The Blue Economy Vision and outcomes represent a long-term strategy document that serves as an overall framework for policies and actions. In order to achieve the Vision and outcomes by 2045, we recognise that we will need a combination of immediate, priority actions, and the development of longer-term decision-making tools, guidance and transformation plans. We need an approach that allows us to respond to new challenges and opportunities as they emerge. We also need to be able to measure our progress and evaluate our success to ensure that the right changes are happening. This means that we must take an adaptive approach, with multi-phased delivery of the Blue Economy Vision required between now and 2045.

Box 1 : the six Blue Economy outcomes

  • EN1 Natural Capital Outcome: Scotland's marine ecosystems are healthy and functioning, with nature protected and activities managed using an ecosystem-based approach to ensure negative impacts on marine ecosystems are minimised and, where possible, reversed.
  • EN2 Climate Change Outcome: Scotland's Blue Economy is resilient to climate change, contributing to climate mitigation and adaptation, with marine sectors decarbonised, resource efficient and supporting Scotland's Net Zero and Nature Positive commitments.
  • EC1 Economic & Trade Outcome: Established and emerging marine sectors are innovative, entrepreneurial, productive and internationally competitive.
  • EC2 Food Security, Nutrition & Health Outcome: Scotland is a global leader in healthy, quality, sustainably harvested and farmed Blue Foods, for our own population and beyond.
  • SO1 Social Inclusion & Equalities Outcome: Thriving, resilient, regenerated, healthy communities have more equal access to the benefits that ocean resources provide.
  • SO2 Ocean Literacy Outcome: Scotland is an ocean literate and aware nation.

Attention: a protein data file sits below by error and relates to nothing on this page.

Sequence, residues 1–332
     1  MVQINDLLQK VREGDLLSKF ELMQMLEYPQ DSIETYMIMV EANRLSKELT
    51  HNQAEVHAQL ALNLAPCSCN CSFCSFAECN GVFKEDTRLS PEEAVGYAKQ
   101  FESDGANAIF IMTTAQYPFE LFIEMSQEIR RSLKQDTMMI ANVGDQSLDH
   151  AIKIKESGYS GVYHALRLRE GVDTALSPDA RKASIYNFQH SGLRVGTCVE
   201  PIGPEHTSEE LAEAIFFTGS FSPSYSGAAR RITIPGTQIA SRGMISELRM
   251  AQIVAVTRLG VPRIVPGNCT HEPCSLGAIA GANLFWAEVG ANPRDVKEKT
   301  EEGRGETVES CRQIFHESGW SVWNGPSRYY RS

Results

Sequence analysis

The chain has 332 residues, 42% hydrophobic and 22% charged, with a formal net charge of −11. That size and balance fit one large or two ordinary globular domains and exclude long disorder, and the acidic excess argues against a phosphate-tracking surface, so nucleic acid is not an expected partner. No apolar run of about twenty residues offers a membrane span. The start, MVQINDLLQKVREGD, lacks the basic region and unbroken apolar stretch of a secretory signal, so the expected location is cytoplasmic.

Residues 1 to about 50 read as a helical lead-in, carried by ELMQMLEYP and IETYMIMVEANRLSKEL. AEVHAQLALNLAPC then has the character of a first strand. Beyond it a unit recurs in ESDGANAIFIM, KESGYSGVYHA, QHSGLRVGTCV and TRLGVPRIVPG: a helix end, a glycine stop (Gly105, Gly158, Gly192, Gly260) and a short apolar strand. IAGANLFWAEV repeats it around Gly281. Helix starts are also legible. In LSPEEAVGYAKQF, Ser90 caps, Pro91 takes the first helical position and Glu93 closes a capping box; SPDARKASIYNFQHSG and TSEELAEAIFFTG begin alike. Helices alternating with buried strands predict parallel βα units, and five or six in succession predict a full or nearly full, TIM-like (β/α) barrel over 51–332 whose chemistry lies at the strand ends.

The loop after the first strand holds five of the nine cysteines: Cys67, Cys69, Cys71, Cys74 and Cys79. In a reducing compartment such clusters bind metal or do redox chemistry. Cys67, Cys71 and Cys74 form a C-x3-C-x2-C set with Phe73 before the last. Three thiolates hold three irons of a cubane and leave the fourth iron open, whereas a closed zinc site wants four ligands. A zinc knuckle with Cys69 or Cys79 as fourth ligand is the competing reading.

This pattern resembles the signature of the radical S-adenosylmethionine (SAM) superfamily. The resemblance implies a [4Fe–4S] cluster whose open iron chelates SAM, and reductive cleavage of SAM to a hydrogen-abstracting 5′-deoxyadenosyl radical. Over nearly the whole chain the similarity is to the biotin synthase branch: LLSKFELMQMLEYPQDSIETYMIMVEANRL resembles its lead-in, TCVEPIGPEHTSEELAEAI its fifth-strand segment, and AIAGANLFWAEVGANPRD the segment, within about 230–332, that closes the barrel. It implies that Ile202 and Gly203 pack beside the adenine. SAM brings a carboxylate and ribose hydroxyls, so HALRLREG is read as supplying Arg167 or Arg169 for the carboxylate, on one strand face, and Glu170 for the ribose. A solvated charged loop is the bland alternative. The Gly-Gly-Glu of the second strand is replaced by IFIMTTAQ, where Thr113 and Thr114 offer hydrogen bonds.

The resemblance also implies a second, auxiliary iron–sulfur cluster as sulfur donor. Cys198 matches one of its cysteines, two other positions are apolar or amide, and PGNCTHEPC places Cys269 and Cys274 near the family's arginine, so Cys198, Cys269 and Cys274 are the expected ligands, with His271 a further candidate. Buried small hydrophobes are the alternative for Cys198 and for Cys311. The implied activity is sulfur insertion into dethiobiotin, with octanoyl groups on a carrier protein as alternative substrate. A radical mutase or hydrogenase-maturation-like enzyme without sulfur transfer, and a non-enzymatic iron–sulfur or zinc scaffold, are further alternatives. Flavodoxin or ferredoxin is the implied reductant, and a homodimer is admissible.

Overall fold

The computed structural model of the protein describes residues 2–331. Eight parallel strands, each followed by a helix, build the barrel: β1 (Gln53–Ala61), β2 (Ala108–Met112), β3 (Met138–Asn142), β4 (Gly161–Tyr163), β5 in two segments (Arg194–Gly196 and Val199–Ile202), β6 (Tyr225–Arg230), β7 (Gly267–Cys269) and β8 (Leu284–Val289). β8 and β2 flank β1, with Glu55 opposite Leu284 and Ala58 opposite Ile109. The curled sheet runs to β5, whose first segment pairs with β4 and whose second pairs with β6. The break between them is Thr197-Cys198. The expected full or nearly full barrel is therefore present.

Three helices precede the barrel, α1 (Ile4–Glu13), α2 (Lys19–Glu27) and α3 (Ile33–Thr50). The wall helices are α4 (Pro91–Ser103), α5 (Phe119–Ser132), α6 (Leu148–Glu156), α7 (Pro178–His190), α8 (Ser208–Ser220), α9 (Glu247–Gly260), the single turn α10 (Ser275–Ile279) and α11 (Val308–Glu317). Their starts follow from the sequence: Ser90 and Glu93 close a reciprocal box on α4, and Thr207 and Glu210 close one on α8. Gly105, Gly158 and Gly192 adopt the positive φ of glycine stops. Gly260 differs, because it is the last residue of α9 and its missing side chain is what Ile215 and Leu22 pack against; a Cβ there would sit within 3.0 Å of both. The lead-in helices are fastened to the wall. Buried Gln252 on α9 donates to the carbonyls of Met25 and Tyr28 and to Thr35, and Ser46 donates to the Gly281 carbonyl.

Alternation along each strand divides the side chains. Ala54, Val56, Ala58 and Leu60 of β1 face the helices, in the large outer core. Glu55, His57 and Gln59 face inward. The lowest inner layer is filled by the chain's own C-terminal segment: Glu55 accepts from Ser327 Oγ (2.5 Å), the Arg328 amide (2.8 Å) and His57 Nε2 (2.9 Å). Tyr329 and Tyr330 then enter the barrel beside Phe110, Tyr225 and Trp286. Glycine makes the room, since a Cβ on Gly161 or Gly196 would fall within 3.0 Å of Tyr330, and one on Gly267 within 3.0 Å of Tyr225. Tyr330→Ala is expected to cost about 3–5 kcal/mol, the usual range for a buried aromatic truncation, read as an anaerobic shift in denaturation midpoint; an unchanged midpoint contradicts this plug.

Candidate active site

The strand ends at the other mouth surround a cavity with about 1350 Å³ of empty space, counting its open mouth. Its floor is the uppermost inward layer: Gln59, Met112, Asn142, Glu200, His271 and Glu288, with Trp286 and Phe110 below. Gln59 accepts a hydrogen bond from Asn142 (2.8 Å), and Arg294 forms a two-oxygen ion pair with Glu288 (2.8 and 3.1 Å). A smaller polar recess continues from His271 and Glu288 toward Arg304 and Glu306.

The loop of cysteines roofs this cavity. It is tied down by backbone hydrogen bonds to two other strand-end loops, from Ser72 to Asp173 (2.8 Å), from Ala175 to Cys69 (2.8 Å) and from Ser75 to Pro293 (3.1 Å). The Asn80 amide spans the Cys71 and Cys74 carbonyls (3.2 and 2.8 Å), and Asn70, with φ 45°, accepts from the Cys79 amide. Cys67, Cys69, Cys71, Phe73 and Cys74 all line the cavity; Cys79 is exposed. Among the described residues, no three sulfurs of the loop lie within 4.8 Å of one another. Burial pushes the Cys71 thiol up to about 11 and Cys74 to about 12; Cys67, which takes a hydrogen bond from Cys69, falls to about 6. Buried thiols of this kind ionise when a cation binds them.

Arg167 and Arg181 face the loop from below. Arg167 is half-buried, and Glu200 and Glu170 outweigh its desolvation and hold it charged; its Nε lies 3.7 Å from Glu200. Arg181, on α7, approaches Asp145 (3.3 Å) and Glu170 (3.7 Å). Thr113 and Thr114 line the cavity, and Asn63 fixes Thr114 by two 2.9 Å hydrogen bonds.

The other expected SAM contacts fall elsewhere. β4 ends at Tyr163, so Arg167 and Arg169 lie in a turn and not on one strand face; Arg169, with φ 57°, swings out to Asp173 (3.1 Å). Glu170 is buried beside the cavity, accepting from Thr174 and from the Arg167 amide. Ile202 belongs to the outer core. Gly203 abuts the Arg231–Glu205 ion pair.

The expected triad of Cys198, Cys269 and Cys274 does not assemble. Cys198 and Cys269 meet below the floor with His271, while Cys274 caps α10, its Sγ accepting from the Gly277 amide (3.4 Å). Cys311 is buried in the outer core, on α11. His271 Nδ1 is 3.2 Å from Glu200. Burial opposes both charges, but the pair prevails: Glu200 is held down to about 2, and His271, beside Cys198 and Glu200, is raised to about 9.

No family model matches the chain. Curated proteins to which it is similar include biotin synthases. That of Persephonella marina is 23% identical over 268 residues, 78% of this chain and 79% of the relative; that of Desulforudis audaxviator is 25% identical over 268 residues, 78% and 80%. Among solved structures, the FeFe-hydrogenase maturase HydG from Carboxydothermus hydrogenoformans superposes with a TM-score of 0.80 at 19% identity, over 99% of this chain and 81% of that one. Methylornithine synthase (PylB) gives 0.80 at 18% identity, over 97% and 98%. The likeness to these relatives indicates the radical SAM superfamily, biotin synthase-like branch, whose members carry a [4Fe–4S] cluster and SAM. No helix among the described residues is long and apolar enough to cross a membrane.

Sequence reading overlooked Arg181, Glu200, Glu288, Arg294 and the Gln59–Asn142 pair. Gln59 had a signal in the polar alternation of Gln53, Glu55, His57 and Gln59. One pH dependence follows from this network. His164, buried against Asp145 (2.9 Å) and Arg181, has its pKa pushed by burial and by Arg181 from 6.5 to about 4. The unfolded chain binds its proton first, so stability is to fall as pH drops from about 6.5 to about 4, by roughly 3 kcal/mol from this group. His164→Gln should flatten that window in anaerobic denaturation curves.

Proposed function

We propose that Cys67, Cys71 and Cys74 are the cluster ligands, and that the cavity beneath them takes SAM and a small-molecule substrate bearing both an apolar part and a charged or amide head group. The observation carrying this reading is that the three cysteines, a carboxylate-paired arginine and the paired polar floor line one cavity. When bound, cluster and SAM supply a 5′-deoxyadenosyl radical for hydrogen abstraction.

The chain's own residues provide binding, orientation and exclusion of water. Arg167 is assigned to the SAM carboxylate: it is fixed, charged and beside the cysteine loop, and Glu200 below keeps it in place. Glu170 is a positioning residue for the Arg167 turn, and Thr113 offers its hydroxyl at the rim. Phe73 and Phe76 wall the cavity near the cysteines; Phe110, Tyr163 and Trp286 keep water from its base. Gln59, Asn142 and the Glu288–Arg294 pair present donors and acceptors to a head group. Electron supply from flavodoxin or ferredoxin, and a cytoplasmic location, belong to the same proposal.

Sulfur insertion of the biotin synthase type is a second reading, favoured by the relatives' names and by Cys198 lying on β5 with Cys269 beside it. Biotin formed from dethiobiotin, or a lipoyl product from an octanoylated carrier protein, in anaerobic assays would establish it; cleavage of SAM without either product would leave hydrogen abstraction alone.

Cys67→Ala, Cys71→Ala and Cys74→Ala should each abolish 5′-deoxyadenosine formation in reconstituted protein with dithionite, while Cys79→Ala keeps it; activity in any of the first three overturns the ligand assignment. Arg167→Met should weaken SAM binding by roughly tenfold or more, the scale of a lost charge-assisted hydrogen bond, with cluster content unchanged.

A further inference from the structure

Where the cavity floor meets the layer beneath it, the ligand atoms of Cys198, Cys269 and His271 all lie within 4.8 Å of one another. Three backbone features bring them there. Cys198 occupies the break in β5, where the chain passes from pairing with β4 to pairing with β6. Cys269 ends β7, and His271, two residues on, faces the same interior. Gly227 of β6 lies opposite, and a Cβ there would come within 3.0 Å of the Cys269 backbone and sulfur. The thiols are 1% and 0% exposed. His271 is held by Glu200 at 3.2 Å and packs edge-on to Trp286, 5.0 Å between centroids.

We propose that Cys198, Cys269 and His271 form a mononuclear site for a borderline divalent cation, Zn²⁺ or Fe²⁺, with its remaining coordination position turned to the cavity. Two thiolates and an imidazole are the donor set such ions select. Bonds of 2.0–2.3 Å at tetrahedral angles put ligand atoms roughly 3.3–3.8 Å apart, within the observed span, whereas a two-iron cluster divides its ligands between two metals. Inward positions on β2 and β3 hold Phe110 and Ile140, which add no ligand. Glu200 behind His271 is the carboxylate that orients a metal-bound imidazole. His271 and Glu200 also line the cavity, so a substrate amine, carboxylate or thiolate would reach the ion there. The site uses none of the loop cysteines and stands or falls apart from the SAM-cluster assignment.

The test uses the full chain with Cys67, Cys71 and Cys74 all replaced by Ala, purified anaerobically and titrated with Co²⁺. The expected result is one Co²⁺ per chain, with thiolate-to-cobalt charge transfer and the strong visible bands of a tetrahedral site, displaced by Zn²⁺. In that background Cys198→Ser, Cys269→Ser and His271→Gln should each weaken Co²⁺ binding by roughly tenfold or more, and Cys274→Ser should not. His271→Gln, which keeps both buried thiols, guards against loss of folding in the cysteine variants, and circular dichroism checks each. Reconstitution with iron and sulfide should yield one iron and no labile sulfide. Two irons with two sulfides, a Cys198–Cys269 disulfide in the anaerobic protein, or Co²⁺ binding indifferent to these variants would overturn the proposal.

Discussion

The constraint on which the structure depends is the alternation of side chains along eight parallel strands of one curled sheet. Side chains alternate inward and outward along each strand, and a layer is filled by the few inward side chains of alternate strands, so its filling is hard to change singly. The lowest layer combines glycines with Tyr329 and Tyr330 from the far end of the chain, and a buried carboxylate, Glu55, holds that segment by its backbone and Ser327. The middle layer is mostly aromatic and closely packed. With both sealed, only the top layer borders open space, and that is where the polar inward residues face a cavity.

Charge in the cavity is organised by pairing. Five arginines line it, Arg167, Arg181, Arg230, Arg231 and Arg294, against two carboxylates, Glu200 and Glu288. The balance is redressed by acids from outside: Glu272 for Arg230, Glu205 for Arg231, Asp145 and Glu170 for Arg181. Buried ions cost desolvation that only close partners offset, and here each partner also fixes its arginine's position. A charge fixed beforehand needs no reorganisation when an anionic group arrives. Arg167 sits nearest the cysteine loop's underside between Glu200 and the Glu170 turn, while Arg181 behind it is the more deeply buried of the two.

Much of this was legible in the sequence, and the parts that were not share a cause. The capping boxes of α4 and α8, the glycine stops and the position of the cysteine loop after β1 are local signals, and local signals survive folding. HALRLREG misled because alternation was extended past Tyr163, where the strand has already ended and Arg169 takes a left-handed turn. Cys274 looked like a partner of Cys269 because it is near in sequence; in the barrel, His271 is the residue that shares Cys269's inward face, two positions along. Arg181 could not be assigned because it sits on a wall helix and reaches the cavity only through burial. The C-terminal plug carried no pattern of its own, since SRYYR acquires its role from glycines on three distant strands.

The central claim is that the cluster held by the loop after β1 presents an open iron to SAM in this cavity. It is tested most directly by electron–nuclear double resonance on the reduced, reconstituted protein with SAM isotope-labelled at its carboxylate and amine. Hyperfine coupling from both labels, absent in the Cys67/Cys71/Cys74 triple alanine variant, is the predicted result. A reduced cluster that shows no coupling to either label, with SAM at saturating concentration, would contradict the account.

A full description of the Blue Economy outcomes is available in the Vision.

This document sets out the first phase of delivery towards our Blue Economy Vision, as well as the commitment and timeline for subsequent phases. The purpose of this phase is to provide a clear picture of where we are now in relation to the Blue Economy outcomes.

An assessment of our current position is a vital first step if we are to identify where new or different actions are needed to deliver transformative change. We have undertaken a status review of Scotland's Blue Economy against the six outcomes, drawing together a range of existing data across the 'four capitals' (human, social, economic and natural assets) recognised in Scotland's National Strategy for Economic Transformation. This includes data from several sources including the Scottish Marine Assessment, Scotland's Marine Economic Statistics, the National Performance Framework, Scottish Sea Fisheries Statistics and the Annual Population Survey. We have also taken stock of existing actions and commitments across the government and wider public sector landscape to identify how they contribute towards the Blue Economy outcomes, and the synergies between them.

Using the initial assessment, we have identified where we have areas already targeted by policy initiatives. We have evaluated the types of tools, interventions and levers that will be required to enable the achievement of the Blue Economy outcomes, and where ownership of these is likely to sit across the public sector, private sector, voluntary organisations and communities.

Since the publication of the Blue Economy Vision, we have undertaken our first round of stakeholder engagements, including roundtable events with public agencies, virtual information sessions and a stakeholder survey (Figure 2). We have highlighted throughout this document where feedback from these engagements has been incorporated. Finally, we have used the analysis from our phase one activities to define a pathway and timeline for subsequent phases of our Blue Economy approach.

Four interconnected circles with icons explaining the text below each
Four interconnected circles with icons explaining the text below each

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Virtual information sessions attended by 77 people

Four workshops on Blue Economy delivery mechanisms

200 people sent Blue Economy survey with 13% response rate

Four public agency engagement events